Mining poisons South Goa waters: The case of the Salaulim reservoir shown in a film
This film describes the impact of excessive mining on water resources in South Goa .
4 Feb 2012

Content and Media Courtesy: Video Volunteers

It raises questions about the negative impact that excessive mining can have on the health of population in the area through contamination of water resources. The film presents the case of the Salaulim reservoir, situated in the Sanguem taluka, which is the largest dam in Goa. It supplies water to almost entire South Goa, comprising 55% of the state's population.

Source: YouTube
There are as many as 15 mining leases within the catchment of the reservoir, which has proved to be a grave danger to the dam, the water that flows through it, as well as the people who consume this water. During the monsoon, mining reject flows into rivers, ponds and dams, polluting the water, which is later used for drinking and irrigation purposes.

The film raises concerns about the impact of the high iron ore and manganese ore content in the water and argues that these can lead to health probelms such as heart disease, mental illnesses and digestive problems, particularly among children, who are vulnerable and therefore susceptible to all kinds of diseases. Farming is also suffering because of the high concentration of minerals in water. Silt forms a layer over the ground, sometimes as high as 4 inches, leaving it infertile. Paddy, the staple crop of Goa, is worst affected by this.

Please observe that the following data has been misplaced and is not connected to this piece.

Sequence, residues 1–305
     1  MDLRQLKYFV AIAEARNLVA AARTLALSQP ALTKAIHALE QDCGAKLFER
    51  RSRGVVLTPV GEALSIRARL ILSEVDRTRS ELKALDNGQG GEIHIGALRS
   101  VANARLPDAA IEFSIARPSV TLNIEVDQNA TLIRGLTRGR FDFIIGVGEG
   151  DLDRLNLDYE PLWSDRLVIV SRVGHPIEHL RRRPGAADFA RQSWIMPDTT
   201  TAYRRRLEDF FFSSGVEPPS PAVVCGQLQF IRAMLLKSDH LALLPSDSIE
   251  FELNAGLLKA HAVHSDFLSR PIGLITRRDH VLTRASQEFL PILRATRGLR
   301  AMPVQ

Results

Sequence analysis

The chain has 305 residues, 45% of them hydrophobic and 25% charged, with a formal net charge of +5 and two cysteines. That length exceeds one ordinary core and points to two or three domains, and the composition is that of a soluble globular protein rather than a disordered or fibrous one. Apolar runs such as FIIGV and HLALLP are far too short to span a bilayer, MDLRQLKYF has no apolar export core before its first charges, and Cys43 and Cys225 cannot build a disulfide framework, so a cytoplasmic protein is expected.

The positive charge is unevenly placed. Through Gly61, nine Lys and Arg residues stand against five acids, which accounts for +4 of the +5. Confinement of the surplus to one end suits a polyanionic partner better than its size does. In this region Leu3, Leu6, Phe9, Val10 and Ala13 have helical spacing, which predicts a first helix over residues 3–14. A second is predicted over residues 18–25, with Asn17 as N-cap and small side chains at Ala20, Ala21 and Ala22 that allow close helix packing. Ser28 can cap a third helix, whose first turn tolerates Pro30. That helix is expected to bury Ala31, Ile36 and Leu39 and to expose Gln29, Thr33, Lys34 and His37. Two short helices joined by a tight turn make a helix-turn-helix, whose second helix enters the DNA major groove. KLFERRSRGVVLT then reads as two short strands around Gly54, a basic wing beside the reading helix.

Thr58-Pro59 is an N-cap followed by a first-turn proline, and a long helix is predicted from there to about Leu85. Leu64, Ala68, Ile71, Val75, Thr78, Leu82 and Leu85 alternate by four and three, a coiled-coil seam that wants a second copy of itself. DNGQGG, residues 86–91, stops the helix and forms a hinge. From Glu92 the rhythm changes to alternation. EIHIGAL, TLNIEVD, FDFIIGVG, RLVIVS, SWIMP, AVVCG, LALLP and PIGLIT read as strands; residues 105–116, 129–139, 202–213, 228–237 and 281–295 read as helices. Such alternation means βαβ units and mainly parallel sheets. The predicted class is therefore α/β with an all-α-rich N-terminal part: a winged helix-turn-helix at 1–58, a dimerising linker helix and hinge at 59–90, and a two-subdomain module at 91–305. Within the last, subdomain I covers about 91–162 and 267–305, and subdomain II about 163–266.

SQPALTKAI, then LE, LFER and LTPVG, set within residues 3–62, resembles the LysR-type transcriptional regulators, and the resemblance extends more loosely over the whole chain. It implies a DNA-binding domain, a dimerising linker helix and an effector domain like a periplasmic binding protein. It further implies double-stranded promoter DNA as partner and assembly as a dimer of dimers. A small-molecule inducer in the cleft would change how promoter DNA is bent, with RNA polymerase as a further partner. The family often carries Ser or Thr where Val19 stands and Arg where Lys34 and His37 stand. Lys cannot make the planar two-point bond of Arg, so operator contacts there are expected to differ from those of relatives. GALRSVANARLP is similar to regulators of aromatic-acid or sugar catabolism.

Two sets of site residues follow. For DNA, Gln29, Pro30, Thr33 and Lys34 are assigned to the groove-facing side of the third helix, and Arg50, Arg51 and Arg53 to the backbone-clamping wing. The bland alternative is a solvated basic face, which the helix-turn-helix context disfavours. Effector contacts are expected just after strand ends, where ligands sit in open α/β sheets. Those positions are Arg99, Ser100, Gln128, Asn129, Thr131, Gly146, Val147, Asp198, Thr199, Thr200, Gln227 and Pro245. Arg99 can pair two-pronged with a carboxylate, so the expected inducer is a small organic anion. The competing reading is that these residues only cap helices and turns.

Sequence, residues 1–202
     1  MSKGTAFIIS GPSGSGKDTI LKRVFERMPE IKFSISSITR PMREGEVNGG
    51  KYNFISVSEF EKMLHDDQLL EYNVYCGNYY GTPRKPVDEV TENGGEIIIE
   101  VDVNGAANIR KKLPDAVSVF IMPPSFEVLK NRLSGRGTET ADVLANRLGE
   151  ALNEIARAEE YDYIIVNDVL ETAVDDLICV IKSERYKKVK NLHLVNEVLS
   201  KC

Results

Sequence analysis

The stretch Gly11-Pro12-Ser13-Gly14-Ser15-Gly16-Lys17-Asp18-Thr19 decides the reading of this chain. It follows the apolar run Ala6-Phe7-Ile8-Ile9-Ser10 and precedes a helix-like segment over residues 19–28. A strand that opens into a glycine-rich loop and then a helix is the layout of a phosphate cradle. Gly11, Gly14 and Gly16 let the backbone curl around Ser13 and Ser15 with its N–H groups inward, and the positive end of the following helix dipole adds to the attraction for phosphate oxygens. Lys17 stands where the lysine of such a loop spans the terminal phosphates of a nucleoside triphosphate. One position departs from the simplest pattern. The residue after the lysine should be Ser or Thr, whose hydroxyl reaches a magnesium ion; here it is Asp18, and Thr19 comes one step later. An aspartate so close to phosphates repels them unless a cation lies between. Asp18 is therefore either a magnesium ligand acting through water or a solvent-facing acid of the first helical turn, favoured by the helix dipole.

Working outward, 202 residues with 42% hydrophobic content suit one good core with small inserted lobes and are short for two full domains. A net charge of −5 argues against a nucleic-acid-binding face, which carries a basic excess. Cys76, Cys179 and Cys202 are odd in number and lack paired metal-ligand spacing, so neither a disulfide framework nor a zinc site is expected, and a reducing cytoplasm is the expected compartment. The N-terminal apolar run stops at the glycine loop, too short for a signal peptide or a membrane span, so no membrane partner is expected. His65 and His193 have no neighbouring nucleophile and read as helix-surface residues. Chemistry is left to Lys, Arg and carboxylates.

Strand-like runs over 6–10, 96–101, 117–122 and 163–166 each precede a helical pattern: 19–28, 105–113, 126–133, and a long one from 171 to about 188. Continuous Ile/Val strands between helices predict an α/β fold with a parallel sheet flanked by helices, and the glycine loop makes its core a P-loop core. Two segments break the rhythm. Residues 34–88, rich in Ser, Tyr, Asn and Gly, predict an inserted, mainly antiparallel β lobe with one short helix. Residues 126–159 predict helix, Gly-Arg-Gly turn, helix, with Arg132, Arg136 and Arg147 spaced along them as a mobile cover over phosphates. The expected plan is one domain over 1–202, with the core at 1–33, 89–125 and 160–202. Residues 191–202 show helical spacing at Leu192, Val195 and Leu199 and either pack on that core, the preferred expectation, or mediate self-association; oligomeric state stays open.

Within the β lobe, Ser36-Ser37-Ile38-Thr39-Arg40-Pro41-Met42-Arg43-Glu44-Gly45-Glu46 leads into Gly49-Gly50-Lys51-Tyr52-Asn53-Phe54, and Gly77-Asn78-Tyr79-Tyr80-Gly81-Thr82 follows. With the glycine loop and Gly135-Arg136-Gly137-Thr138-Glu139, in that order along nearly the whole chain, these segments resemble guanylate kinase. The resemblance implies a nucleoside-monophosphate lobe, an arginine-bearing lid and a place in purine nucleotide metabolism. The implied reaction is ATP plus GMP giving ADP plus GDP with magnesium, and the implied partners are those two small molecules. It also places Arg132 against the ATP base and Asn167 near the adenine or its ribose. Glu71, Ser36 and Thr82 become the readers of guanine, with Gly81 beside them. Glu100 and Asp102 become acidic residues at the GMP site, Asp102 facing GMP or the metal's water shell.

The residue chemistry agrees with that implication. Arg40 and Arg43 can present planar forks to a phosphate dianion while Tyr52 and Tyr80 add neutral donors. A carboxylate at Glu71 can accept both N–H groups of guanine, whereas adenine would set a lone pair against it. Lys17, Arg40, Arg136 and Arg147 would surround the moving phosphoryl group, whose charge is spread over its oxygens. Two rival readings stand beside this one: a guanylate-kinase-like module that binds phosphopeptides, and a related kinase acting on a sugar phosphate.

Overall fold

The film accuses the government of focusing on short term profits and ignoring the health needs of the local population and argues that this has led to a compromise in terms of the people's right to have clean drinking water and good health. The film ends by  questioning the insensitivity of the govenrment, the helplessness of the people who do not know where to report the problem and by asking "Who can assure us clean drinking water?"
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